—A Roman Catholic bishop was shot to death while leaving his cathedral in the Muslim-dominated town of Jolo in the Philippines on February 4. A female bystander also died, and five others were injured in the shooting. Masses and classes at church-run schools have been suspended until the murder of the 56-year-old bishop, Benjamin de Jesus, is solved. Tensions arose in the Philippines after a moderate Muslim separatist group signed a peace accord with the government (CT, Oct. 28, 1996, p. 81).

—Patriarch Pavle, head of the Serbian Orthodox Church, led a march of more than 100,000 demonstrators through Belgrade, Yugoslavia, January 27 to show support for the country's prodemocracy movement. Marking the feast of Saint Sava, founder of the church, the march was the city's largest religious procession since World War II.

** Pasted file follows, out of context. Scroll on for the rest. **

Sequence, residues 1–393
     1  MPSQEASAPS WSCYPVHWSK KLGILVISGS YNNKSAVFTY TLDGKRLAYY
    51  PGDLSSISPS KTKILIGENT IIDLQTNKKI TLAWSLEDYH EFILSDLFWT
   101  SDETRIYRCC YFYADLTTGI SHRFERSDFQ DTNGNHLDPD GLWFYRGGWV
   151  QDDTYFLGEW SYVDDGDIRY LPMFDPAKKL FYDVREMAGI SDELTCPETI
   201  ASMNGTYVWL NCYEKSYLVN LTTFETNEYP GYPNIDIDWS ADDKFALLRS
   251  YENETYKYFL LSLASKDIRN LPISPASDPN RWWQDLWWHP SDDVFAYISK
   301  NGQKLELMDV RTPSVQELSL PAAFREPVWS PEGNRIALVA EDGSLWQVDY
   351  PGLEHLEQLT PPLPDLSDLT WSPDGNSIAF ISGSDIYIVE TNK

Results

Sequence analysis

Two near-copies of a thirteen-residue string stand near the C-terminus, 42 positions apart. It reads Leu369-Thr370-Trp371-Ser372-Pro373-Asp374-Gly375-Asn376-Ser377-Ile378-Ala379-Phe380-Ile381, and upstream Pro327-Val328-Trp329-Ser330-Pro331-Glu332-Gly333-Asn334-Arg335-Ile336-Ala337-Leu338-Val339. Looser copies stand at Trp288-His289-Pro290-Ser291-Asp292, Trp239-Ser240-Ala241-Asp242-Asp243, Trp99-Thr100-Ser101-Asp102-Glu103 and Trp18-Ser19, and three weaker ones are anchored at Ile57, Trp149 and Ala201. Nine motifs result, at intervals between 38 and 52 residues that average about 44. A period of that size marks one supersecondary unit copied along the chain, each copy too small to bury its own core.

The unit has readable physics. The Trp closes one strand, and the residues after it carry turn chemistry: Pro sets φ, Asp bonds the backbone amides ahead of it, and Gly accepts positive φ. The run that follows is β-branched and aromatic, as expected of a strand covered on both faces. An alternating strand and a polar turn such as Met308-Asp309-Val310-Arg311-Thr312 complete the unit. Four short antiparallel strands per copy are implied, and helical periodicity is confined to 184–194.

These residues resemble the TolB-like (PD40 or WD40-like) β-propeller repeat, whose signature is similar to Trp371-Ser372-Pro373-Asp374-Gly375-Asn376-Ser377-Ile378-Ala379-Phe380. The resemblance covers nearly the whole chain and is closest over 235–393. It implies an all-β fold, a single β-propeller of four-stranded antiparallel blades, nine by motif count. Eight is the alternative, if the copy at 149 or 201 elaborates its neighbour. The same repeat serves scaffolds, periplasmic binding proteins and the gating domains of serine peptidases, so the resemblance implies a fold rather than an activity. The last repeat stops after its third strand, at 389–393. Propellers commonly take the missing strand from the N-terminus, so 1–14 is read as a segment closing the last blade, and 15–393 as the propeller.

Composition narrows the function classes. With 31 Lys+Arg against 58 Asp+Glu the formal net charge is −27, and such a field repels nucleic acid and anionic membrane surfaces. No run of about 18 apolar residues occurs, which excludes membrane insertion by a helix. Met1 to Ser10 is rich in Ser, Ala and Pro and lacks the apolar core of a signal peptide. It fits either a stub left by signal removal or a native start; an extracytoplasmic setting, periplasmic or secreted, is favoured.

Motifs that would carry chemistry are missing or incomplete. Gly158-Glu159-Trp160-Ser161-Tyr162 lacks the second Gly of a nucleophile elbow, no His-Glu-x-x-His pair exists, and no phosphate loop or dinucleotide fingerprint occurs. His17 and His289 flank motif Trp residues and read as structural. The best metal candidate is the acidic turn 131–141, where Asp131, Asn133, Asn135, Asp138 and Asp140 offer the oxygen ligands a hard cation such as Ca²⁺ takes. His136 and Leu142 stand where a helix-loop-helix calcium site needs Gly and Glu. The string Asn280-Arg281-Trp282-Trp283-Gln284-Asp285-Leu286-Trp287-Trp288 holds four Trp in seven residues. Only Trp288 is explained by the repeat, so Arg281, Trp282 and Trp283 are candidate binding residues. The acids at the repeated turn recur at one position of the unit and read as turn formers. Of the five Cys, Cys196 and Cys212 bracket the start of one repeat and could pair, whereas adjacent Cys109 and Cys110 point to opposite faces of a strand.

—Guiquita Waewae, leader of a group of Auca Indians who killed five U.S. missionaries in Ecuador in 1956 and later converted to Christianity, died February 11 at age 80. At Waewae's prodding, the Aucas, translated savage, abandoned spearings and changed their name to the Huaorani, which means the people.

—Peter Deyneka, president of Russian Ministries, has been elected chair of CoMission II, a mission campaign to create nationally led Bible-discussion groups in 70 cities throughout the Commonwealth of Independent States. CoMission sponsors hope that the Bible-discussion groups will produce indigenous churches and missionaries.

—A London newspaper survey found almost two-thirds of 200 Anglican vicars unable to name the Ten Commandments. The Sunday Times survey also found two vicars do not believe in heaven, but more than half believe in life on other planets. "They are very negative," one vicar said of his reasoning for not knowing the commandments.

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